AW: [ RadSafe ] ...Disposal site for used nuclear fuel will be atForsmark, Sweden's SKB announced today.

Franz Schönhofer franz.schoenhofer at
Mon Jun 8 15:32:48 CDT 2009


Since our society only can be disturbed by exorbitant costs for projects it
was clear from the very beginning of the blocking of transport, use of
police and military that the anti's were using negative images  (police
against innocent and peaceful protesters.....) Yes, the strategy of the
anti's was always to break the nuclear cycle and to make nuclear energy so
costly that it was not competitive with "conservative" electricity


BTW I have also some remembrance of Torbjörn Westermark or rather his
institute, because I met him only once very shortly at a conference. I will
write it to you separately.

Franz Schoenhofer, PhD
MinRat i.R.
Habicherg. 31/7
A-1160 Wien/Vienna

-----Ursprüngliche Nachricht-----
Von: radsafe-bounces at [mailto:radsafe-bounces at] Im Auftrag
von Bjorn Cedervall
Gesendet: Samstag, 06. Juni 2009 07:30
An: Dutch Radsafers
Betreff: RE: [ RadSafe ] ...Disposal site for used nuclear fuel will be
atForsmark, Sweden's SKB announced today.

There is plenty of relevant information that can be found at the following

(check the Research link for instance)


In addition I may mention that one of the leading Green Party members
recently said that her mission was to make nuclear power more expensive (I
don't remember the exact formulation but my interpretation was "as expensive
as possible"). The Green party always says "no solution has been found yet".
SKB says "we have a solution".


I can add that it was my professor in nuclear chemistry (one of the
intellectual giants at the Royal Institute of Technology, KTH), Torbjörn
Westermark (who passed away about 7 years ago), was a leading brain in
formulating the principles behind our nuclear waste handling. This included
the ideas of multiple barriers, thermodynamic stability, minimizing any
driving forces like galvanic potentials and so on. As I remember his
teachings, he was not very interested in doing the calculations himself -
that was left for the PhD students et al. Instead his focus was on the
concepts and thinking. His lectures included thorough creativity discussions
("the ability to find the unexpected" a formulation that I understand came
from someone else) and also many ethics and/or risk assessment and risk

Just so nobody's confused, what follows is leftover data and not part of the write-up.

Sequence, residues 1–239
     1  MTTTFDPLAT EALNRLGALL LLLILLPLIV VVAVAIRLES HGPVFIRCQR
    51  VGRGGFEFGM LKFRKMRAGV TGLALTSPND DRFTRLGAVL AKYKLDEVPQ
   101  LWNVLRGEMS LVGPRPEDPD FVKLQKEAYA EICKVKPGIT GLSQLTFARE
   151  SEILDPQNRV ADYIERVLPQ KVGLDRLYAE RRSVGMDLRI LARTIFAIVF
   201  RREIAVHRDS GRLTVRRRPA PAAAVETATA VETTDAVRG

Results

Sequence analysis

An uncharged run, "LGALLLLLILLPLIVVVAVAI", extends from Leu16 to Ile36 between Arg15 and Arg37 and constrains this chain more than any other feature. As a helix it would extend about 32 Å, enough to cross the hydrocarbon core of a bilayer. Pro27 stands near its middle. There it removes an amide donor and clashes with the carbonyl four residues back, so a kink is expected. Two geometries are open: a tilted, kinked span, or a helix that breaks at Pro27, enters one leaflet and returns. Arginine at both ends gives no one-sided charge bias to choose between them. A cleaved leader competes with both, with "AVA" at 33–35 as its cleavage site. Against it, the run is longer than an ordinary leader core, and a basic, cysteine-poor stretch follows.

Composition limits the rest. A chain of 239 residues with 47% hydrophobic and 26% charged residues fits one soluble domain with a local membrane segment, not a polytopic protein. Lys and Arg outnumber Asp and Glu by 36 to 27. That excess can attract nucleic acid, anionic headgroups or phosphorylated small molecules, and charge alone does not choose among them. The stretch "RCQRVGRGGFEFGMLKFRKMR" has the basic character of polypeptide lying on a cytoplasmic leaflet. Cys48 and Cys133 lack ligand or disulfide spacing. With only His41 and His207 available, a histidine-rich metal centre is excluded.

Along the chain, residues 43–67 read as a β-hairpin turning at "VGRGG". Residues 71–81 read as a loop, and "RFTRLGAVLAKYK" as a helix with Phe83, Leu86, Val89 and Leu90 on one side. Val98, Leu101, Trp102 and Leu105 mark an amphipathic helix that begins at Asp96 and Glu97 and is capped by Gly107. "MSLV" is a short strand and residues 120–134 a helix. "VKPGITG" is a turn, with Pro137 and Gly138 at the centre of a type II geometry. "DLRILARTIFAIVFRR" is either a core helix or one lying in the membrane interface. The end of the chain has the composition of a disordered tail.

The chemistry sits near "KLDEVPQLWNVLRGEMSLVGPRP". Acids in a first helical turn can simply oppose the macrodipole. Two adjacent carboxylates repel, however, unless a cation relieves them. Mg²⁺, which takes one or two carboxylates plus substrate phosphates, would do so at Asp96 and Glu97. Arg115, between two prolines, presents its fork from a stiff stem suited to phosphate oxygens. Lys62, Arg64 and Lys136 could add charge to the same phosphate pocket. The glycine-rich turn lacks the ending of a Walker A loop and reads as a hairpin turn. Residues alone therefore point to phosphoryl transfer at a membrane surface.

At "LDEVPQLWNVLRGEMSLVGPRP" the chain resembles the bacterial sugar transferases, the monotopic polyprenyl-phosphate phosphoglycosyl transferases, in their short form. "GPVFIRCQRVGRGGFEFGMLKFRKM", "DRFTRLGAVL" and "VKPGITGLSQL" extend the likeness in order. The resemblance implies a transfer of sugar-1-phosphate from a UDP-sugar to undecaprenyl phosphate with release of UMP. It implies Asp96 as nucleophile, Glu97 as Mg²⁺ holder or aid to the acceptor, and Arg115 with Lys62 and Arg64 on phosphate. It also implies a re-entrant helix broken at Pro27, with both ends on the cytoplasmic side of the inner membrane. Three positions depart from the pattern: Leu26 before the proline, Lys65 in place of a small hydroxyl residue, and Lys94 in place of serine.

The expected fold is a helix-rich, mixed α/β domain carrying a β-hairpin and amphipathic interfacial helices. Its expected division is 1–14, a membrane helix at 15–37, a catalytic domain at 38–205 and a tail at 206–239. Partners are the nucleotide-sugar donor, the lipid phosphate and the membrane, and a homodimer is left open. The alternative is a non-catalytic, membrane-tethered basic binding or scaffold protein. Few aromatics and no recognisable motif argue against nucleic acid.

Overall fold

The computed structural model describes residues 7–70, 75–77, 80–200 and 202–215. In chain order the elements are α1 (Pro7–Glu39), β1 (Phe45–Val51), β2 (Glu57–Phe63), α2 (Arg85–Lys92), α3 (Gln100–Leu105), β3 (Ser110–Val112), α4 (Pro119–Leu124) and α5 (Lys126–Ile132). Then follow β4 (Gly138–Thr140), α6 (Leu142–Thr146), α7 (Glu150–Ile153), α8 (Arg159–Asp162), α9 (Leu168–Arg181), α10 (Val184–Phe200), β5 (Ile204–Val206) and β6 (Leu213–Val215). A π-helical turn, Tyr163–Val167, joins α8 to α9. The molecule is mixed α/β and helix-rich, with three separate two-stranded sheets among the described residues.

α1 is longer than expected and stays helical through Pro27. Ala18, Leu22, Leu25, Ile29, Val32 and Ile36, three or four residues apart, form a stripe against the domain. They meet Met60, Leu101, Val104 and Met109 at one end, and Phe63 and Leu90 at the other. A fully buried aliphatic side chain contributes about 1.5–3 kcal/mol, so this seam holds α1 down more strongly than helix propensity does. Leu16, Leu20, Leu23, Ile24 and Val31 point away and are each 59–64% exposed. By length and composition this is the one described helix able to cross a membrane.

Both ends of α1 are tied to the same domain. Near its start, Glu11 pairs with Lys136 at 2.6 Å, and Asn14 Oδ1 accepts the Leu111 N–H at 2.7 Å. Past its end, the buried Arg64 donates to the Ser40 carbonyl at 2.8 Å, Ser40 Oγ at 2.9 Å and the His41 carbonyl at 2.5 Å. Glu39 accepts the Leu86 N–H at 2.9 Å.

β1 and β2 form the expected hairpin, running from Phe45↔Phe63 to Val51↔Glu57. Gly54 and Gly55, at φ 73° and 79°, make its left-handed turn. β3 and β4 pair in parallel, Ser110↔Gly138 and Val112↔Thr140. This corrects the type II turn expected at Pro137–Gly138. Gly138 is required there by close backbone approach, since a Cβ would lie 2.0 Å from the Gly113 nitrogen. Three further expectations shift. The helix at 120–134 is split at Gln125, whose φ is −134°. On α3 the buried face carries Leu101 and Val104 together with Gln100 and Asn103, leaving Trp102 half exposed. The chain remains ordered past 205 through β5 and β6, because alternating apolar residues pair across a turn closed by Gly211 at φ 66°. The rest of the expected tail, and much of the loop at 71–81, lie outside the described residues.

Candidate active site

philosophy elements.


Most students were afraid of his exams because he would give questions, the
answers of which would not be spelled out distinctly in textbooks (instead
you might have to combine informations from different parts like page 182
and page 743 in the textbook in order to answer) or hadn´t appeared on
previous exams... I had three reasons to take his two major courses: First
the just mentioned unusual character of his approach. Second the political
controversy of nuclear power (I had already been into radiation biology and
related sciences and had good reasons to suspect that the "antis" were
unfair - I got more evidence of that...). Third, his strong interest in
botany (any RadSafer who is interest in this subject can email me directly).
That year when I focused on nuclear chemistry we were only two students
taking his courses. He was very generous - he sometimes gave us four hours
of lectures instead of the two which he was scheduled for each time and the
breaks were no breaks - instead he pulled out chocholate bars for us and
discussed cancer risks from various foods or whatever - then suddenly he
would say - OK - lets go back to the actinides. He gave us tons of
applications and contexts of nuclear chemistry that had nothing to do with
nuclear power. I apologize for this partly off-topic comment but it is
difficult to forget this man who played such an important role in the
nuclear waste arena.


My personal ideas only,


Bjorn Cedervall   bcradsafers at


> Generally, logic and reason have not played major roles in development of
nuclear waste management policies. However, in Sweden any policy that might
make sense has been particularly avoided.

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